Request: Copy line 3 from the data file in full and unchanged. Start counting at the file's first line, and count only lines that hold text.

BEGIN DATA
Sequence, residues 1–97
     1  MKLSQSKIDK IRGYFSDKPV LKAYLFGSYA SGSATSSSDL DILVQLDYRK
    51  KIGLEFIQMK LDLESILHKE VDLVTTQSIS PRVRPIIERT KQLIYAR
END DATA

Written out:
    51  KIGLEFIQMK LDLESILHKE VDLVTTQSIS PRVRPIIERT KQLIYAR